Although Muslims are known to be contributors to branches in science and arts, they are mostly known for their work on developing mathematics.
Even though Muslims are known to be contributors to many branches in science and arts, they are mostly known for their work on developing mathematics.
The commencement of Muslims’ work took place during the Caliphate of Omayyads. They started by using the translations of popular mathematicians and worked on developing it to higher degrees.
Despite the fact that Greeks were behind the invention of algebra, Oelsner made it clear that it only served as the goblet. According to the Muslim Weekly, under Manum, Muslims discovered the equations of the second degree and very soon after they developed the theory of quadratic equations and the binomial theorem.
This was not all, Muslims also contributed to the development of optics and mechanics in addition to the invention of spherical trigonometry, the application of algebra to geometry, the introduction of the tangent and substitution of the sine for the arc in trigonometrical calculations.
One of the most important things that were brought to mathematics by Muslims was the zero, which according to Carra De Vaux "was used by the Arabs at least 250 years before it became known in the west”.
The Muslim Weekly reported about the achievements of George Sarton called Musa Al Khwarizmi (780-850 A.D.) one of the greatest scientists of his race and the greatest of his time. However, Al Khwarizmi was not the last Muslim genius; Al Nasavi introduced the decimal system to replace the sexagesimal system, while Abu Zakariya Al Hissar was the first to write fractions in their present form with a horizontal line.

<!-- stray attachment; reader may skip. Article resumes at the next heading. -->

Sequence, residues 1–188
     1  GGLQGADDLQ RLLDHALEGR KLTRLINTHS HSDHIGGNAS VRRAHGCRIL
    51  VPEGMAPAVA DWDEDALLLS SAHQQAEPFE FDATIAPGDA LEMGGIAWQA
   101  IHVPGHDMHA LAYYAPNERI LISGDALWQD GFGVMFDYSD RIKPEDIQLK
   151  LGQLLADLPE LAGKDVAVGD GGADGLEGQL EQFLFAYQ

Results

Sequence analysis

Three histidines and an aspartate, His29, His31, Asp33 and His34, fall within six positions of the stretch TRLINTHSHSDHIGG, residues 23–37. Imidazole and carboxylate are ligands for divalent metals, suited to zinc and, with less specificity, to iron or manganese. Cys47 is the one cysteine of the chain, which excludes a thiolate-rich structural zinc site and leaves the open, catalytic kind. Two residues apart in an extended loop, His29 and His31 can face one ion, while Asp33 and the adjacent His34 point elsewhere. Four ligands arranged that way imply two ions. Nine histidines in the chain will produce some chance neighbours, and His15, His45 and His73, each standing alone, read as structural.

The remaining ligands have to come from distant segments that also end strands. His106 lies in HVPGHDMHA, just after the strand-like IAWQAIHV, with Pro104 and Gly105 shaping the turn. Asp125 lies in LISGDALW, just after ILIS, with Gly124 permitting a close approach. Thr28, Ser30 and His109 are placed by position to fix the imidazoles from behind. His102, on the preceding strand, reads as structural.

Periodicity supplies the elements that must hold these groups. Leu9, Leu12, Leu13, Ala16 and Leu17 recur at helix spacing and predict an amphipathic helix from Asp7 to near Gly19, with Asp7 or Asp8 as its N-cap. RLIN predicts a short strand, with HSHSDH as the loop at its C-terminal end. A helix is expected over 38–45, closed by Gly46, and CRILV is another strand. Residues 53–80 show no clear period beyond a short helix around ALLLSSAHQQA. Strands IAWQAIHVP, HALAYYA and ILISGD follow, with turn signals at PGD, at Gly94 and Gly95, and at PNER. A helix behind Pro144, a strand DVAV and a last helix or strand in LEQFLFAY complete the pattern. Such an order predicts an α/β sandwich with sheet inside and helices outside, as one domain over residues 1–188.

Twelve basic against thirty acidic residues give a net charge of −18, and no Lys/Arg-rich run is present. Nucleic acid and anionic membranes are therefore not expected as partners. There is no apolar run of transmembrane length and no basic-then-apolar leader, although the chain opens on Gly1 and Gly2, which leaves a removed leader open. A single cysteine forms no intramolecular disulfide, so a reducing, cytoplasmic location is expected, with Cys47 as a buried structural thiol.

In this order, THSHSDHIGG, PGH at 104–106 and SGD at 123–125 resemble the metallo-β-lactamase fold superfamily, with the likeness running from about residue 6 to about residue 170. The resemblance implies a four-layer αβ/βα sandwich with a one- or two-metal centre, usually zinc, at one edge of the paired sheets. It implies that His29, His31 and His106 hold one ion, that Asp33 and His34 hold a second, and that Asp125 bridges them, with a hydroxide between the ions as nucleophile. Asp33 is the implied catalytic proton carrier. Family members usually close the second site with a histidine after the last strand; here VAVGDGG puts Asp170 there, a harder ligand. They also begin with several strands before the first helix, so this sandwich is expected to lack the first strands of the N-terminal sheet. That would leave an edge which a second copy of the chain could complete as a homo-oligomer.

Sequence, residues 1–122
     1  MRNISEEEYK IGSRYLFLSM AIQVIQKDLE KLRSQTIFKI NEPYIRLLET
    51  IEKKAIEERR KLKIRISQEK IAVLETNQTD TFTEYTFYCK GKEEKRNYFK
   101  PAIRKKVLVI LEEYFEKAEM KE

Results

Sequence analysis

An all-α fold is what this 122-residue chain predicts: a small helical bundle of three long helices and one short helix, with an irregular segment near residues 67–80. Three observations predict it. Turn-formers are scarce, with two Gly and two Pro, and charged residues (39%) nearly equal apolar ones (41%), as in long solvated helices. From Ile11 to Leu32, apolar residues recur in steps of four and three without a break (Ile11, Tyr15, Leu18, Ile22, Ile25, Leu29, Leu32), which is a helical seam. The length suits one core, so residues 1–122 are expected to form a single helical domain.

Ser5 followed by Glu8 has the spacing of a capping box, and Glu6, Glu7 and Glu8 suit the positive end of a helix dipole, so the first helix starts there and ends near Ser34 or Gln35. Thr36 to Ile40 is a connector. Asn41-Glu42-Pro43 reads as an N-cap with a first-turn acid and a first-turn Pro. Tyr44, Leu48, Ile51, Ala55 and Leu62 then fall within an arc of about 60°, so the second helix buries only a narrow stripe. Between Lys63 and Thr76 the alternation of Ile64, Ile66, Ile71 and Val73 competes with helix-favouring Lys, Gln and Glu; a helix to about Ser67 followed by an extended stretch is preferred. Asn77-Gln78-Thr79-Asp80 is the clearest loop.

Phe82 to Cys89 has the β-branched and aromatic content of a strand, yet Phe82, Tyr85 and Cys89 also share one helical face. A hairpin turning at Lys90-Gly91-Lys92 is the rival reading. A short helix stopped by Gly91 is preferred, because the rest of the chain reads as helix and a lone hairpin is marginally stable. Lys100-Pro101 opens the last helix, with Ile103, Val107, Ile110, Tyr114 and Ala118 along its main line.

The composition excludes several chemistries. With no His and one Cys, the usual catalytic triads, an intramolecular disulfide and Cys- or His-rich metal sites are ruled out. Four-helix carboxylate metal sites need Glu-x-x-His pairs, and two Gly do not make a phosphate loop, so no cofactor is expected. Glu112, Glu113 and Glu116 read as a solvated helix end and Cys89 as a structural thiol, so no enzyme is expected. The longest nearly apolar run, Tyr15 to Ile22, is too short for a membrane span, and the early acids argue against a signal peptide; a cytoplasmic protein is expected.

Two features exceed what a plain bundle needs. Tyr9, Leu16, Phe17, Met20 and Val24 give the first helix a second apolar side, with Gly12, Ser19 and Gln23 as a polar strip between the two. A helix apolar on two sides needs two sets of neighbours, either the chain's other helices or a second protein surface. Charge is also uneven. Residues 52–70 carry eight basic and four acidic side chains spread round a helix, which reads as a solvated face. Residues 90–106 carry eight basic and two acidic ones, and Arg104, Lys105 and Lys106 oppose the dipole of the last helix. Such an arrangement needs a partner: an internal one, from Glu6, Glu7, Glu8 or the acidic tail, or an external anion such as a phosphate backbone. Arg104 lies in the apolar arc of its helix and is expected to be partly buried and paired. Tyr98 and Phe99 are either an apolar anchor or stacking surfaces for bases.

Al Khawarizmi contributed heavily to the development of algebra as he was the first to give geometric solution of quadratic equations, which was copied later by other mathematicians. The geometric solution book that was prepared by Al Khawarizmi was so clear and lucid that Robert Chester decided to be the first to translate it into Latin in 1145.
Amongst the developers of algebra were Omar Khayyam, who recognized thirteen different forms of cubic equations and Abul Kamil who resumed Al Khawarizmi’s path.
On the other hand, Muslims weren’t any less involved in geometry than algebra, the three brothers; Mohammed, Ahmed and Hassan Musa Bin Shaker wrote a geometry book that was later translated to Latin and German.
The famous writer of “Kitab Al Hindasa”; Abul Wafa Al Buziani (940-997, 998 A.D.) had his book rendered to Persian by a friend. H. Suter, according to the Muslims Weekly, said "It had a large number of geometrical problems…a number of these problems are solved by a single span of the compass, a condition which we find for the first time here."
Muslims were not about to stop at algebra and geometry as they were the founders in many branches of trigonometry such as the plane and spherical trigonometry. Al Battani was the mathematical genius behind the birth of trigonometry, whose astronomical work was translated repeatedly to Latin and Spanish.
H. Suter commented on Jabir Bin Afiah’s book “Kitab Elahia” and said “His book Kitab Elahia is noteworthy for preparing the astronomical part with a special chapter on trigonometry. In his spherical trigonometry he takes the rule of the four magnitudes as the foundation for the deviations of his formulae and gives for the first time the fifth main formula of the right angled triangle”.
Another genius was Abul Wafa (939-997, 998 A.D.) who wrote Zijush Shamil that introduced consolidated tables in addition to introducing the use of the secant and tangent in trigonometry.
The list of mathematical Muslim giants is endless filled with researchers and pioneers that didn’t only contribute to the development of mathematics but also invented new mathematics that are known to help people in both mediaeval and modern ages.
Source:IslamonlineLast Mod: 20 Mayıs 2007, 11:55